Malawi. During the first months of the year, thousands of refugees from neighboring Mozambique sought refuge in Malawi as a consequence of the resumed fighting between the former rebel movement Renamo’s armed branch and government forces. According to the UNHCR, up to 10,000 people had fled across the border until mid-March.
In April, President Peter Mutharika issued disaster permits in the Malawi. According to thereligionfaqs, the reason was the drought that plagued the whole of southern Africa and caused food shortages in Malawi. The World Food Program (WFP), the United Nations Food Assistance and Food Security Organization, made the assessment that the situation was severe in 23 of the 28 districts in which the country is divided.
According to countryaah, the current population of Malawi is 19,129,963. Authorities took action against the superstition that makes Malawi a life-threatening country to live in for people suffering from albinism. Here and in several other African countries there is a belief that body parts from people without pigments have magical properties and therefore are used by so-called witch doctors. This has led to people with albinism being mutilated and murdered. In June, a court issued a ban on all traditional healers and witch doctors, as well as the manufacture and sale of magic amulets in an attempt to put an end to the murder wave that has swept across Malawi in recent years. In addition, newspapers in the country were banned from publishing witch doctor ads.
In August, former Justice Minister Raphael Kasambara was sentenced to 13 years in prison for being involved in an assassination attempt on the then budget head of the Finance Ministry, Paul Mphwiyo. The assassination attempt was made in connection with a major corruption scandal revealed in 2013.
- Abbreviation Finder: Check to see how the 3-letter abbreviation of MWI stands for the nation of Malawi in geography.
HUMAN AND ECONOMIC GEOGRAPHY
In 1998 the number of residents was estimated at 10,346,000 units, the result of a decrease in the population growth rate (31 ‰ in the years 1990-98 against 37 ‰ in the previous five years). Although the difference between demographic and economic increases has almost disappeared, Malawi continues to remain among the poorest countries on earth and among those with the most modest social development. Essentially rural (city dwellers barely reach 15% of the total), the population is spread across the territory in a different way, between a sparsely populated North and a South that hosts about half of the total population in one third of the territory. The only real cities are Lilongwe and Blantyre, the current and former capital, with a population of 395,500 and 446,800 respectively. (1994).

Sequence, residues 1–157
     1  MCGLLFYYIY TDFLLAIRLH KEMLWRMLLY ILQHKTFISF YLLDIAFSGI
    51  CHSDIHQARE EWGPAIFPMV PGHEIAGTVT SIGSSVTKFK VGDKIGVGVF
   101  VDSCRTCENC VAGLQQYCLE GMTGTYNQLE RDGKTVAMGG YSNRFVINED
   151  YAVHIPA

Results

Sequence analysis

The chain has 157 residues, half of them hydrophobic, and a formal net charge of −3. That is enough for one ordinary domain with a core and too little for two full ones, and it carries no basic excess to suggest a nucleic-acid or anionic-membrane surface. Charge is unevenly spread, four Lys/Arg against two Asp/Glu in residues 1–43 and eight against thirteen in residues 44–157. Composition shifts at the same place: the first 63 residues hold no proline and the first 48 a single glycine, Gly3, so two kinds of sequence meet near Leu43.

A country poor in resources, very little industrialized, with a constantly passive trade balance and essentially dependent on foreign aid, Malawi has also experienced the problem of welcoming refugees – first from Mozambique, during the 1980s (about one million), and then from Rwanda – and above all that of the spread of AIDS, which would have caused about 130 in the country. 000 deaths in the decade 1985 – 95.
After a phase, between the end of the 1980s and the early 1990s, during which considerable progress had been made in agriculture and, in general, in economic productivity through modernization and liberalization, the consequences of an unfavorable meteorological situation and the withdrawal of international aid (as a form of pressure for respect for human rights in the country) caused an economic meltdown. Even in the early nineties, due to the recurrence of adverse climatic events, the population suffered from considerable food shortages, a situation that changed in the most favorable years. The strong dependence on natural factors has made it necessary to initiate structural reforms in the political and economic fields: among these, a land reform that aims at30 % of the productive economy of Malawi). Alongside the products used for local consumption, the agriculture of Malawi produces tobacco (grown in small farms) and tea (in the hands of large producers). The industrial base is limited, and the influx of foreign investment is hampered by low local market demand and modest export opportunities. The establishment of joint ventures, currently operating only in some agro-industrial sectors, is strongly encouraged ; since 1997 the steel producing company has been privatized.